Haunted Dollhouse Microcontroller Networking for World Maker Faire

master-slave-networks

It’s pretty awesome to get see the number of projects presented at World Maker Faire. But we still love digging into the gritty details that only an in-depth build post can deliver. Here we get both. You can see the circuits pictured above in the Circuit Castle exhibit at WMF this weekend, and you can read about how the microcontroller network was built in [Jim’s] article.

As the title states, this is a network built for a dollhouse. Each slave device performs a different task; adding color, sound, motion, and interactivity using some sensors.  The post discusses the i2c (or TWI to get around licensing issues as [Jim] mentions) communications used to talk to the ATtiny85 chips on the slave boards. Because the eight-pin package leaves few I/O pins to work with an ATtiny84 was also added. It brings 14-pins to the party, including multiple ADC inputs for reading sensors.

If this ends up being too much of a read for you jog to the “Update 9/17/13″ to get the general overview of progress. Like any project on a timeline, not everything works quite as well as they would have liked it to. But it’s the journey that makes something like this so fun — a fully working project would signal an end to the enjoyment, right?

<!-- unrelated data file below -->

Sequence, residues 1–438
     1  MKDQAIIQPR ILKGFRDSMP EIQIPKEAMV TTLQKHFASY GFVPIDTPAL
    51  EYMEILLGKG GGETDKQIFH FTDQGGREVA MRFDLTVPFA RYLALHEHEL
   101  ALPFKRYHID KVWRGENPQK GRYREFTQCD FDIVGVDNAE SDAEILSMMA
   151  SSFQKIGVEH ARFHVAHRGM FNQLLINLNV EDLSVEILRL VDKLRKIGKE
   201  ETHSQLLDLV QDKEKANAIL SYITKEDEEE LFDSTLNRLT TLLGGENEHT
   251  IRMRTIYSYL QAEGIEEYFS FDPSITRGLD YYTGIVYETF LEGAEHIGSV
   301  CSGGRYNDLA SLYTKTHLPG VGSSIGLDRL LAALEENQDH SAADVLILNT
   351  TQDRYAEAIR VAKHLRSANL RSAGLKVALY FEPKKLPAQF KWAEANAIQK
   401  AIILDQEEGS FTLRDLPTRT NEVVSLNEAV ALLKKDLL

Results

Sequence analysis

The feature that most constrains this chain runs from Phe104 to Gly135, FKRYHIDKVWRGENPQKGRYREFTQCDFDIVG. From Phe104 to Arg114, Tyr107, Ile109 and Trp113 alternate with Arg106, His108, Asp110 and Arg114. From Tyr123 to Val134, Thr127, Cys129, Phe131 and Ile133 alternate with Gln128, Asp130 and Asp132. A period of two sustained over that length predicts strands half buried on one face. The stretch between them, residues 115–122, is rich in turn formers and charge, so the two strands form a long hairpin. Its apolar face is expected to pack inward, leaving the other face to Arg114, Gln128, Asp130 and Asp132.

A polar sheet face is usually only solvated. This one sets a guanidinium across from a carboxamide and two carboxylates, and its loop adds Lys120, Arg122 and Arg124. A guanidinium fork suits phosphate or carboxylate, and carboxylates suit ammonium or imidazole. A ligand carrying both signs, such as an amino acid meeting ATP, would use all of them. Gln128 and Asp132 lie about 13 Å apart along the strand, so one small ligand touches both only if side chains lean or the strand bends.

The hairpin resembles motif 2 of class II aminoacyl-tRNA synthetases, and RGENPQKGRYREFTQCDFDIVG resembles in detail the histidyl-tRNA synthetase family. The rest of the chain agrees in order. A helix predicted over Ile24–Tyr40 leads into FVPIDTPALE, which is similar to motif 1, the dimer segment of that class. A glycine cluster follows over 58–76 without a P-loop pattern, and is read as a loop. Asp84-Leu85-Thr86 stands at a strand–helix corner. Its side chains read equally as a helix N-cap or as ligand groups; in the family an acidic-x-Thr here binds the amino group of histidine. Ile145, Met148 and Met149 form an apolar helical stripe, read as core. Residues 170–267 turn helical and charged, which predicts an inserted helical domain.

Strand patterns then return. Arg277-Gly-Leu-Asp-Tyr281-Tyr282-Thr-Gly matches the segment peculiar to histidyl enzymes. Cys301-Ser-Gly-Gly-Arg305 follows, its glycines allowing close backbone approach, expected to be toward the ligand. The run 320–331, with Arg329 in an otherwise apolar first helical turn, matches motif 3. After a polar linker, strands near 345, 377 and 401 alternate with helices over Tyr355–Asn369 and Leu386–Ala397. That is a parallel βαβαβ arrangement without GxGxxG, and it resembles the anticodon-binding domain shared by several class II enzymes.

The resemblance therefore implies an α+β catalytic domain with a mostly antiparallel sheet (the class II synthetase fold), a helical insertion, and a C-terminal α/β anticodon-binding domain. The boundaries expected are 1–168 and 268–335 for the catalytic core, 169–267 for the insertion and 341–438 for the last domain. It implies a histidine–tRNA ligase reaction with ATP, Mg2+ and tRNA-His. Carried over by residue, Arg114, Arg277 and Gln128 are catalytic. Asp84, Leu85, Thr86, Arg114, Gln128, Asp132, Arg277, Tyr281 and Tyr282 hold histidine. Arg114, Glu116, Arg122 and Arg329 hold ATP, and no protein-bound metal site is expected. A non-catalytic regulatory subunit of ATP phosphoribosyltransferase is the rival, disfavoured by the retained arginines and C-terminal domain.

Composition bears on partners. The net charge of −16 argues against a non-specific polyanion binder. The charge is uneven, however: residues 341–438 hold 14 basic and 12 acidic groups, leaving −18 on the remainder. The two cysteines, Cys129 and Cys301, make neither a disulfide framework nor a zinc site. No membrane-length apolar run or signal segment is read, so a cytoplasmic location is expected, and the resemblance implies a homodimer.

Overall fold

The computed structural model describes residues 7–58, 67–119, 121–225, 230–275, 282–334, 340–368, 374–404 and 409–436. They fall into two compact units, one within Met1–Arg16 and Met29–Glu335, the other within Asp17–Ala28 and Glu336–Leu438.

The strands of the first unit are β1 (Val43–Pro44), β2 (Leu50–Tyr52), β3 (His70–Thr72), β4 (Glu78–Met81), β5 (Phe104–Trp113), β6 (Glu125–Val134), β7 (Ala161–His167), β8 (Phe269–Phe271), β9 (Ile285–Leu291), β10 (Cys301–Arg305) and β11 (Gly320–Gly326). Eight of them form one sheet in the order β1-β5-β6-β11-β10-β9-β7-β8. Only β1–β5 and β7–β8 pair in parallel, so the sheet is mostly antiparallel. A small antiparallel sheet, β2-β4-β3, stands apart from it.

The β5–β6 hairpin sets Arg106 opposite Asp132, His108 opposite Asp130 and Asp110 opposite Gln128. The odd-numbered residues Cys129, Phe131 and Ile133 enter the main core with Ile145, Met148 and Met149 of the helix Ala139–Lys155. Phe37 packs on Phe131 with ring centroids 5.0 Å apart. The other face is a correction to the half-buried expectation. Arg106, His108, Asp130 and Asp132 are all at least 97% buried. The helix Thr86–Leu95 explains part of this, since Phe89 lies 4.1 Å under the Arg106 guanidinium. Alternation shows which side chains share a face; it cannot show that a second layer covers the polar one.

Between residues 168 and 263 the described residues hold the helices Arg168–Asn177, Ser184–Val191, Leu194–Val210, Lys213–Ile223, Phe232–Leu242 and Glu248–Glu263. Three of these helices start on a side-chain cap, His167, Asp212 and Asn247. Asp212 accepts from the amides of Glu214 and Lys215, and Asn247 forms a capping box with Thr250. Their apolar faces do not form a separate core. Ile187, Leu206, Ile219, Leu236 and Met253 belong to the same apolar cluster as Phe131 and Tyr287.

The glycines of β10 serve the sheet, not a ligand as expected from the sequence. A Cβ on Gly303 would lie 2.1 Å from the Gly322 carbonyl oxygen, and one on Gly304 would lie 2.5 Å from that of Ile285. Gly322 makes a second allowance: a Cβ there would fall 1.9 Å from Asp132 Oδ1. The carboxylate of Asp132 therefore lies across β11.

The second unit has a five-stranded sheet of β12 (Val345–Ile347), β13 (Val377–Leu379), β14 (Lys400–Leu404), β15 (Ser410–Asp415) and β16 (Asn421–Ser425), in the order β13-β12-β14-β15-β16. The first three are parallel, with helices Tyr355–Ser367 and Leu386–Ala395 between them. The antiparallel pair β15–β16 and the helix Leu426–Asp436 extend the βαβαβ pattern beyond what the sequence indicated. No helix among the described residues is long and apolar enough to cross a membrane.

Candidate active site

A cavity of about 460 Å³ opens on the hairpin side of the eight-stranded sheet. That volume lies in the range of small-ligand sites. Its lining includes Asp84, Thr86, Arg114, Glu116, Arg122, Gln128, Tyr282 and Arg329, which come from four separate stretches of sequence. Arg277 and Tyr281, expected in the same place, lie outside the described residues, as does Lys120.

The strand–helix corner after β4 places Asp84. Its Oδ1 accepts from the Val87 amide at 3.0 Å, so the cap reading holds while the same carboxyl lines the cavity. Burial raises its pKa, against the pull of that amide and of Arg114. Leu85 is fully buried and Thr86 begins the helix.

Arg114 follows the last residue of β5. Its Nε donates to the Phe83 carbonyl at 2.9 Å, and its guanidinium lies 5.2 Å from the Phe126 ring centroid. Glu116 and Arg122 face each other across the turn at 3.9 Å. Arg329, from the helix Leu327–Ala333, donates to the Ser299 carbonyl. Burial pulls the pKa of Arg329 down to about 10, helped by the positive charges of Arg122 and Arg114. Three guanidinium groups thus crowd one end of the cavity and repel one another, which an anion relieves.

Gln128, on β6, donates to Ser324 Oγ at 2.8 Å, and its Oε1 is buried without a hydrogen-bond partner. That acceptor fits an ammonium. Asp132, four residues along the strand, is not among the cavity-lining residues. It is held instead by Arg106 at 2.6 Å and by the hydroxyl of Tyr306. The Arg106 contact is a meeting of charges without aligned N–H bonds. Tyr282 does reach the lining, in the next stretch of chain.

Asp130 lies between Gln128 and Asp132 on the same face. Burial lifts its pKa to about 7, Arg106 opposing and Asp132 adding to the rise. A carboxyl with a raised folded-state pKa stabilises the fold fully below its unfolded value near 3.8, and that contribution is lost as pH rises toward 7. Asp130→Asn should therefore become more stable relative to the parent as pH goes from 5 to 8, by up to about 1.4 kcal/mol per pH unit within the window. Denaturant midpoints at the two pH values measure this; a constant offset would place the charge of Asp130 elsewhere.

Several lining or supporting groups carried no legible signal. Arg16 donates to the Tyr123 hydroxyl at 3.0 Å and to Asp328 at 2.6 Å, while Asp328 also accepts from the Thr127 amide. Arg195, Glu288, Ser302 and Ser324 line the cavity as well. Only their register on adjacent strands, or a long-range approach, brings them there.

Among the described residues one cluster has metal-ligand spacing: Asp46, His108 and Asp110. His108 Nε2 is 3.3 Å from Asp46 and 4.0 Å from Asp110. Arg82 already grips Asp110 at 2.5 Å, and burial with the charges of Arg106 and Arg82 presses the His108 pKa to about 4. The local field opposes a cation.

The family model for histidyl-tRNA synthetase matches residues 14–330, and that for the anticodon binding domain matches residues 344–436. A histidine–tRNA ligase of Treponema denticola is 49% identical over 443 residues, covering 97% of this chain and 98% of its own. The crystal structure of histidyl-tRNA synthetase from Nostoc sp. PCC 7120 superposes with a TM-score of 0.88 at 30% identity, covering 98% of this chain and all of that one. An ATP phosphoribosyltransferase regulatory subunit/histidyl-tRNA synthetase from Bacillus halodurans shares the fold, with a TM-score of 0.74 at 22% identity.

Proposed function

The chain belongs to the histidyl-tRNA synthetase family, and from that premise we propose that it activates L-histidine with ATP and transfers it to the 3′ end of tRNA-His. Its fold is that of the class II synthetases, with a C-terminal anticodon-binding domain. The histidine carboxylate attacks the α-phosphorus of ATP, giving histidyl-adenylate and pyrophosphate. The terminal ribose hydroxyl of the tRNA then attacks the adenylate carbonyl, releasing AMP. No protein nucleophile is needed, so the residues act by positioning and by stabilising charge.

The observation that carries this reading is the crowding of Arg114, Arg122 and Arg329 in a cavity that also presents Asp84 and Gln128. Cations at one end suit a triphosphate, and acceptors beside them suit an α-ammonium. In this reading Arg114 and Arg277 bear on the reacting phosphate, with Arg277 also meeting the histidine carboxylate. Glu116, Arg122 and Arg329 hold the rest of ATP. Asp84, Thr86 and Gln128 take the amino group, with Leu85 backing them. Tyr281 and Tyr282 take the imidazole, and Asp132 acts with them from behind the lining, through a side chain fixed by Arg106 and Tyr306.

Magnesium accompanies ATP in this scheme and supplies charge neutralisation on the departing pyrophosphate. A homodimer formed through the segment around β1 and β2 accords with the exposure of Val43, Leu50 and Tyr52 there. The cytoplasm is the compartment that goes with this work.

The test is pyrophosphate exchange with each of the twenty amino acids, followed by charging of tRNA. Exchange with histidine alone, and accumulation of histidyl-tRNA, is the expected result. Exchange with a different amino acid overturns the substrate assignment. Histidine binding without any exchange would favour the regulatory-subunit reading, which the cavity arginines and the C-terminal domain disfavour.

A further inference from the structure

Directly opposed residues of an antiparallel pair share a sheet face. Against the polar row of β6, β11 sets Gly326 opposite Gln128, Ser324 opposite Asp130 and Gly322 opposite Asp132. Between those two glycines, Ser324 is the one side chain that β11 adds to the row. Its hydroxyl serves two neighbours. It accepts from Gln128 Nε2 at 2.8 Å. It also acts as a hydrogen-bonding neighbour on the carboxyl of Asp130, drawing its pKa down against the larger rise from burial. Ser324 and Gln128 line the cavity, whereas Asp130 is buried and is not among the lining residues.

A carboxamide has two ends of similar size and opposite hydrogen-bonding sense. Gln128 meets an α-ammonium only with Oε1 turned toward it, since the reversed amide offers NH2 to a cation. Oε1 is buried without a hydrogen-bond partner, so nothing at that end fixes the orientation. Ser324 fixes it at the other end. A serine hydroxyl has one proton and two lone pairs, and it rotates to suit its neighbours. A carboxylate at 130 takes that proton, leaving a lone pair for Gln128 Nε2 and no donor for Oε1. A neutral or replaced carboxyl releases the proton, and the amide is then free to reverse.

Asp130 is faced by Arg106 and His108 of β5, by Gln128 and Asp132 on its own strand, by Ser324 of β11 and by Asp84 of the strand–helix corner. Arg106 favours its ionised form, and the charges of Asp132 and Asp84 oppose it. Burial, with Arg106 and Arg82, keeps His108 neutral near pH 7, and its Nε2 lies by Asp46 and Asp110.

[via Workshop 88]

Master clock system uses all logic, no microcontrollers

What you see above is a master clock. It is the center of a system that can run an unlimited number of slave clocks, keeping them on-time thanks to its ability to synchronize with an atomic clock. [Brett Oliver] put together the project back in 2005 using digital logic chips, and no programmable microcontrollers. This includes everything from the binary decoders that drive the 7-segment displays, to the radio transceiver board that gathers the atomic clock data, to the various dividers that output 1 second, 2 second, 30 second, 1 minute, 1 hour, and 24 hour signal pulses. It’s  a well document and fascinating read if you’re interested in digital logic clocks.